Given the pathophysiologic similarity to estrogen-induced hepatic adenomas, affected patients should use oral contraceptive pills with caution or not at all.
Hepatic adenoma prevention and treatment
Evidence about using strict dietary control of glucose, lipids, and lactate to prevent adenoma formation and promote regression is conflicting. Reports indicate that many cases may not respond to dietary therapy.
Monitor hepatic adenomas with biannual or yearly ultrasonographic examinations. Serum alpha-fetoprotein values should also be measured serially as a potential marker of malignant transformation, which may occur in 11% of adenomas.
Adenomas may cause symptoms such as pain or vomiting. An acute onset of pain may indicate hemorrhage into the tumor capsule.
Adenomas that show signs of growth, hemorrhage, necrosis, calcification, or elevated alpha-fetoprotein levels should be referred for definitive diagnosis (ie, via biopsy or resection).
Once the determination has been made that aggressive therapy is warranted for symptom control, hemorrhage control, or to exclude malignancy, a decision must be made between localized resection or orthotopic liver transplant. A liver transplant has the added benefit of correcting the underlying metabolic defect, but it also means a lifetime of immunosuppression and its associated risks. However, either way, patients require life-long medical therapy.
Patients must be informed of the potential risks and benefits of each therapy so that they can make the most appropriate decision.
Renal disease associated with G-6-phosphatase deficiency was previously thought to manifest mainly as renal enlargement upon ultrasonographic examination or hematuria from uric acid stones. However, the initial change in affected patients has been shown to be hyperfiltration, which is a nephropathy similar to diabetes.
This increase in the glomerular filtration rate is not observed at birth, but it is present in up to 50% of patients by age 1 year.
After several years, progressive proteinuria can be observed that sometimes develops into the nephrotic range. This may be found in up to 70% of patients older than 10 years.
Along with the proteinuria, a progressive decline in creatinine clearance and the onset of hypertension may occur.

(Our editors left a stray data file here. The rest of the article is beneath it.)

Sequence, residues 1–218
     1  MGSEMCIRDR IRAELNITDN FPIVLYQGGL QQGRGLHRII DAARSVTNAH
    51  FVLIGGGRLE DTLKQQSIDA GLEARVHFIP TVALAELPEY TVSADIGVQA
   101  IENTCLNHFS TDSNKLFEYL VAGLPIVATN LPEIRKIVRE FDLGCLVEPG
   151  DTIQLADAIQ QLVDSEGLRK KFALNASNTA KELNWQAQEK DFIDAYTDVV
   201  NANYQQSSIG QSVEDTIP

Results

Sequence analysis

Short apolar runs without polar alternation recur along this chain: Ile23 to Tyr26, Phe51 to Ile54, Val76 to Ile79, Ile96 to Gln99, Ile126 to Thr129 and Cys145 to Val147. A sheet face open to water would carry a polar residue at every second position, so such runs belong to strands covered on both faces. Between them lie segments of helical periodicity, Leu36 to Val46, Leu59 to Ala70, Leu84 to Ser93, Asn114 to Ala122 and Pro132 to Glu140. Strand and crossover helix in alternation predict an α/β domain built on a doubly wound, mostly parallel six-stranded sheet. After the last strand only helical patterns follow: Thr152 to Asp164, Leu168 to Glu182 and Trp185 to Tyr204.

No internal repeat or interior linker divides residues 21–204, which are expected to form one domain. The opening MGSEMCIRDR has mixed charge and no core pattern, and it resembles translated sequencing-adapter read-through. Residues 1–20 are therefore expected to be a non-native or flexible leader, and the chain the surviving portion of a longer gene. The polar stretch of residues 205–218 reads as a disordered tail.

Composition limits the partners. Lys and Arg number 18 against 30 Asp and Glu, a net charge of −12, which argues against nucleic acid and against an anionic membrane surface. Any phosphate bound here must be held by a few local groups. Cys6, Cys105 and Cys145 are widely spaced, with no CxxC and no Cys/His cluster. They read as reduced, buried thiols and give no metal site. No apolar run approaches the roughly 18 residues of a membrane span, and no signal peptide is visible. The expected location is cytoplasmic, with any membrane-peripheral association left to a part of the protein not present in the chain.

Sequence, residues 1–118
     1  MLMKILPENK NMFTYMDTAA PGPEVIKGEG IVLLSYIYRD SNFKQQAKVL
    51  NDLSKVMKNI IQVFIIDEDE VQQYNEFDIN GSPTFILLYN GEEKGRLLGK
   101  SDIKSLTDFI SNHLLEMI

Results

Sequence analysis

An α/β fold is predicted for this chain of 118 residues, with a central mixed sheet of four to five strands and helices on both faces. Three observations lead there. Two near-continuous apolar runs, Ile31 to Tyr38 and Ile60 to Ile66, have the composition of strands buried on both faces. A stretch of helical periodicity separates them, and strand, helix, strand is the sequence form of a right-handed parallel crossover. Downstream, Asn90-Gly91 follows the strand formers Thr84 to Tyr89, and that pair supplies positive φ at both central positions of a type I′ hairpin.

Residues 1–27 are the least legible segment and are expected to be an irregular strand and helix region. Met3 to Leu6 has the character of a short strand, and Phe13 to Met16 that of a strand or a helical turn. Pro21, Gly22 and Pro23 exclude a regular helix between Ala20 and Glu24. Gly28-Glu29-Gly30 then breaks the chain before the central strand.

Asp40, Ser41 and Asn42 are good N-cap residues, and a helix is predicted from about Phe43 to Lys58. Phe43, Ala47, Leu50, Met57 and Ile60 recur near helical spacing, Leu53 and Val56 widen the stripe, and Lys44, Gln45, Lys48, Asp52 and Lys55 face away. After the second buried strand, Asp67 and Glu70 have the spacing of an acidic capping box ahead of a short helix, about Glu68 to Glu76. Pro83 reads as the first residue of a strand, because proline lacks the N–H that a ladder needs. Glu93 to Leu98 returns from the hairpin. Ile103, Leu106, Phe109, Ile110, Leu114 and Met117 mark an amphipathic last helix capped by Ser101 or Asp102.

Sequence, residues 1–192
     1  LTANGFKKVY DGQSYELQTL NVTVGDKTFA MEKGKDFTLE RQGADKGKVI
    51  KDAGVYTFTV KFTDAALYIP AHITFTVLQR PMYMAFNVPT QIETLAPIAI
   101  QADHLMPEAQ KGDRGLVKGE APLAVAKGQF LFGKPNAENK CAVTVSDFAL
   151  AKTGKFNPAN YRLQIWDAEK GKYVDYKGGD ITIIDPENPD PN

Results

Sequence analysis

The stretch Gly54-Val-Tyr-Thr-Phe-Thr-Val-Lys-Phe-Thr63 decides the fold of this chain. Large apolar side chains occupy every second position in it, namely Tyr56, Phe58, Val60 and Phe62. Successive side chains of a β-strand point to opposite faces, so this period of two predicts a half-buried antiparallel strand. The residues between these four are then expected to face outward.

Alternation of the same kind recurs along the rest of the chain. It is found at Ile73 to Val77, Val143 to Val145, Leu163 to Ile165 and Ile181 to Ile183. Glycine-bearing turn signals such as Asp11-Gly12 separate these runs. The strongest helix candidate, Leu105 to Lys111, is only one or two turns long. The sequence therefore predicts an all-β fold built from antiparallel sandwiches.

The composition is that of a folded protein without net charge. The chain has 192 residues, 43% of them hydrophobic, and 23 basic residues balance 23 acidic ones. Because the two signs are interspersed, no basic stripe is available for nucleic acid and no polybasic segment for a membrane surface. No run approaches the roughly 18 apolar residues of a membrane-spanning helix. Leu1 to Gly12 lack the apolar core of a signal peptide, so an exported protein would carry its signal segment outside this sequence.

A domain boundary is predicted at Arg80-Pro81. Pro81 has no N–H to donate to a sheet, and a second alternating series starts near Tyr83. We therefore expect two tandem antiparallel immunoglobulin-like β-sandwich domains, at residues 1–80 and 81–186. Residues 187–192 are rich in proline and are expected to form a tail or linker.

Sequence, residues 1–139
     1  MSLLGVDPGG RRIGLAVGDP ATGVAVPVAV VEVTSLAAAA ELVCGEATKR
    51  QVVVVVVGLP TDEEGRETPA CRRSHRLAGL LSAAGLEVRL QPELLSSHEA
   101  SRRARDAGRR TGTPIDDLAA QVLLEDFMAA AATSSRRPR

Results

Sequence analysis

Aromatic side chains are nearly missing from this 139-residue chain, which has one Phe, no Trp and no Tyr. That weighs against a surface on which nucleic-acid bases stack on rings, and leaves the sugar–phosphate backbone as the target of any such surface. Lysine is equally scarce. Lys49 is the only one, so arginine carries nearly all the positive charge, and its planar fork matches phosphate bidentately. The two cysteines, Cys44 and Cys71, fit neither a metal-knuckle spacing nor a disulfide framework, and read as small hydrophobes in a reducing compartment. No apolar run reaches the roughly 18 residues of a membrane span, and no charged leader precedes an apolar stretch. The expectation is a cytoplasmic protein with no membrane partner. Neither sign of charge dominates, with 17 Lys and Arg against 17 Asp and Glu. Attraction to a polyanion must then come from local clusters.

Eventually, dialysis-dependent renal failure occurs approximately 12 years after the first appearance of proteinuria.
Most deaths from renal failure occur in older patients who did not receive aggressive dietary management from birth or who did not comply with therapy.
Although several theories have been suggested, the exact mechanism of the hyperfiltration is unknown.
Renal disease management
Proper methods to manage associated renal disease are still quite uncertain.
Probably the most important factor for preventing renal deterioration is patient compliance with a dietary therapy that maintains euglycemia and reduces hyperlipidemia and counterregulatory hormone excess.
If hypertension develops, it should be aggressively controlled to delay the progression of renal damage.
The main question remains whether angiotensin-converting enzyme inhibitors decrease hyperfiltration and proteinuria and delay the progression or appearance of overt renal failure, as is observed in diabetes.
A reduction in proteinuria has been observed in a few patients treated on an experimental basis, but no formal trials have been published to answer this question. In the absence of any contraindications, it is probably a reasonable choice in the presence of hypertension.
Debate exists regarding when to initiate therapy to treat hyperuricemia.
Most clinicians begin when an affected patient has an episode of acute gouty arthritis, uric acid nephrolithiasis, or gouty tophi. However, initiating therapy in asymptomatic patients who have serum urate levels greater than 420 μ mol/L (7 mg/dL) also may be reasonable.
Treatment usually consists of a dietary review to ensure compliance and 100-300 mg allopurinol daily. Allopurinol should never be started during an acute attack of gout because it may exacerbate the arthritis.